Petition request up to city
Published 2:45 pm Saturday, August 2, 2008
The Austin City Council will determine whether an environmental assessment worksheet (EAW) is necessary on the so-called “Robbins” building in the block by the same name.
The Minnesota Environmental Quality Board (EQB) received a petition bearing 25 signatures requesting an EAW.
Gregg Downing, environmental review coordinator for the state agency, informed Austin city administrator Jim Hurm it would be the city’s decision whether or not to conduct an EAW.
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“The Environmental Quality Board has received a petition requesting that an EAW be prepared on the project and has determined that the City of Austin is the appropriate governmental unit to decide the need for an EAW,” Downing wrote in his letter to Hurm.
The Austin City Council will consider the request when it meets Monday.
The Robbins block, First to Second Street and First to Second Avenue Northeast, is being sought by Mower County.
Two weeks ago, the county announced it has reached agreement with Richard Huffman, owner of the Thoroughbred Carpet/George’s Pizza real estate.
Despite indications agreements with two other owners of property in the square block area —Michael Robbins, president of Robbins Furniture and Design Gallery, and the Sherman family, owners of property on the northeast corner of the block — now both sides say they are “far apart,” said Craig Oscarson, county coordinator.
Austin attorney Paul Sween is representing the county in the negotiations.
Obtaining money to acquire the Robbins block was the deciding factor in Mower County agreeing to locate its jail and justice center in downtown Austin.
On the day the commissioners vote 3-2 to do that, Ray Tucker, 2nd District county commissioner, announced the city agreed to pay the county $1.5 million.
While the grant from the city was not made expressly to acquire the Robbins block, the county is using the monies to do that.
While the city continues to negotiate with private property owners for the necessary real estate in a two-block area — Second Avenue north to Fourth Avenue between First and Second Streets Northeast — the county has not wavered from its plans to acquire the Robbins block.
Regardless whether the Austin City Council decides to request an EAW on the Robbins block, Oscarson said it won’t change the commissions’ collective minds.
“No, I don’t believe it will,” he said. “It could delay things a bit, but it won’t stop it.”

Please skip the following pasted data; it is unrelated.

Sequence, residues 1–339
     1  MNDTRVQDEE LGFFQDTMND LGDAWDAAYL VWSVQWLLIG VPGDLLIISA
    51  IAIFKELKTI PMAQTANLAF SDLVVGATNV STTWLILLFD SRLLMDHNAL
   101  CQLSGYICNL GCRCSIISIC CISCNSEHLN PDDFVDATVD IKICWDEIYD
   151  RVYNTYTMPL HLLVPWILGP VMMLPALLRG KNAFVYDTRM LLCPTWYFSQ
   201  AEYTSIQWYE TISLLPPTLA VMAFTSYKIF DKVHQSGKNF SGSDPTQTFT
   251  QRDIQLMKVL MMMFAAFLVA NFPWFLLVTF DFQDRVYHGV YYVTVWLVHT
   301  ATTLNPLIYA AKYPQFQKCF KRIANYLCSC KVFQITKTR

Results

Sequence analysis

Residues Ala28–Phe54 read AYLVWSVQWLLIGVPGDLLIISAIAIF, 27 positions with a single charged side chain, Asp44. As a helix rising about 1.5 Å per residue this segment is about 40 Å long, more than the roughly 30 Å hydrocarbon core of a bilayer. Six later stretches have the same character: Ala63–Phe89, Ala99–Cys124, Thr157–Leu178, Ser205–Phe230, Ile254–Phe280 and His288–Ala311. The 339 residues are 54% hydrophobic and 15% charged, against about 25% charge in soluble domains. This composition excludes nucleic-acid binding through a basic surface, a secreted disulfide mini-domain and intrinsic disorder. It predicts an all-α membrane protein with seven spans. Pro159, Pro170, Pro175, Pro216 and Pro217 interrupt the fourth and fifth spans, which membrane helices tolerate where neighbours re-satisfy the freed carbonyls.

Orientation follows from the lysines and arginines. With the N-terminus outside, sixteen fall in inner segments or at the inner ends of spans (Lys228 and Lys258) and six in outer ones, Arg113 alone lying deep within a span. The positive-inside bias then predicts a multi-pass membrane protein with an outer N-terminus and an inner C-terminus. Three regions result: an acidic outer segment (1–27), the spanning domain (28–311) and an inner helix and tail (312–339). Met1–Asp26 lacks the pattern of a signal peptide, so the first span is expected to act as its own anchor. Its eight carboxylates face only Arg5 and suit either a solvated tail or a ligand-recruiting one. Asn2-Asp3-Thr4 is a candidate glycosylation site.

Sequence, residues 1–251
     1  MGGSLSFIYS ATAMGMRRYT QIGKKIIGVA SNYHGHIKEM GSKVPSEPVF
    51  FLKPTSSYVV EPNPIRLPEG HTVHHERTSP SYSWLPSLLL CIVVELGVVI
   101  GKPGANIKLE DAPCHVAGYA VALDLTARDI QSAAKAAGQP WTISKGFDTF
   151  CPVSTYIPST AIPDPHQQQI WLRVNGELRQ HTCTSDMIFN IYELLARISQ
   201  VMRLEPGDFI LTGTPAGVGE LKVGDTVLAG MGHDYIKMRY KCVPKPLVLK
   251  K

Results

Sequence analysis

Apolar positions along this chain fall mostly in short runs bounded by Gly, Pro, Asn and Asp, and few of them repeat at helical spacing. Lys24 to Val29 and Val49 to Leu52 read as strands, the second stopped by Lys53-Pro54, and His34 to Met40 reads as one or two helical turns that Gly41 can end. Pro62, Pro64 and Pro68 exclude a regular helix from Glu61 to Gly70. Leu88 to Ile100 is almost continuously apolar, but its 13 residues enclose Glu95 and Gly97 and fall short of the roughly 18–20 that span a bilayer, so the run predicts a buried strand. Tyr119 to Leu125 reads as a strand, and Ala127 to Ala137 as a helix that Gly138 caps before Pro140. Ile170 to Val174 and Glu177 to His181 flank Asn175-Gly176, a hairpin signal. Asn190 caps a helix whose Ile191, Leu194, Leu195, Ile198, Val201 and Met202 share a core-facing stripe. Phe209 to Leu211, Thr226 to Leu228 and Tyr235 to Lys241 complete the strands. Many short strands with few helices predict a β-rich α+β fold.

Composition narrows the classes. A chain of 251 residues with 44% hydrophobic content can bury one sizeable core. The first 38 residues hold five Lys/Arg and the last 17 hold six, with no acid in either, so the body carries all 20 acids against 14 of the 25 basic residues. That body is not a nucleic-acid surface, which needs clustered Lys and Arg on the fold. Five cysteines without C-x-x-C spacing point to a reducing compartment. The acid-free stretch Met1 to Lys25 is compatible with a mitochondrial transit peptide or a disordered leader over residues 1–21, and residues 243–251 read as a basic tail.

According to Oscarson, the county has “seriously considered” the impact of its proposed actions regarding the Robbins block property.
“We contacted the Mower County Historical Society and other sources to determine what the impact would be if the Robbins building were demolished and we found it would be nil,” he said. “Or at least no more than other buildings in Austin which have been torn down.”
Oscarson said the county’s purpose in acquiring the property remains the same from the day the commissioners narrowing approved putting the jail and justice center downtown.
“They want it for parking, geothermal and a lay-down area for building materials for the new jail and justice center,” he said.
While the city continues to attempt to acquire property for the new jail and justice center, the county’s construction manger and architects are looking at a scenario that would have the county acquire the block, demolish the building and start construction for a parking lot, plus geothermal cabling, next spring.
“No,” Oscarson said, “There are no plans to put any buildings there. If we did, we couldn’t get at the geothermal piping and wells like we can with only a parking lot.”
The petition-signers are serious about their intentions to have the Robbins property assessed before the building is demolished after an initial attempt to request an EAW was aborted for “lack of sufficient evidence supporting the request.”
A second petition filing satisfied the EQB and set in motion the letter to Hurm requesting the city’s attention.
The Austin Main Street Project has attempted to convince county and city officials the Robbins building is worth saving.
At times, development of the three-story, 27,000 square-foot building has been falsely rumored as a potential site for the Salvation Army Austin Corps, now fighting cramped space for its Family Thrift Store, as well as the Austin Daily Herald, now occupying only a portion of the original Marigold Dairy building since moving pressroom and pre-press operations to Albert Lea.
The Austin Main Street Project plans for the Robbins building included retail shops, offices and apartments.
The idea has never attracted wide support beyond the Austin Main Street Project faithful.
Even Oscarson says it is more of an “emotional” issue than anything else.
Austin mayoral candidate Mark Nagel has touted the need to look at downtown redevelopment in terms of a “vibrant mass” requiring specific attention.
He held a press conference at his new South Central Athlete store location — one Austin Main Street Project — to call attention to the possibilities that exist in developing the Robbins building rather than tearing it down.
That was last spring and now it is summer and the building still stands — unchanged and still vulnerable to the plans to demolish it.
Nagel declined comment on its future, saying, “I’m going to wait and see what the city council does.”
That could happen Monday night.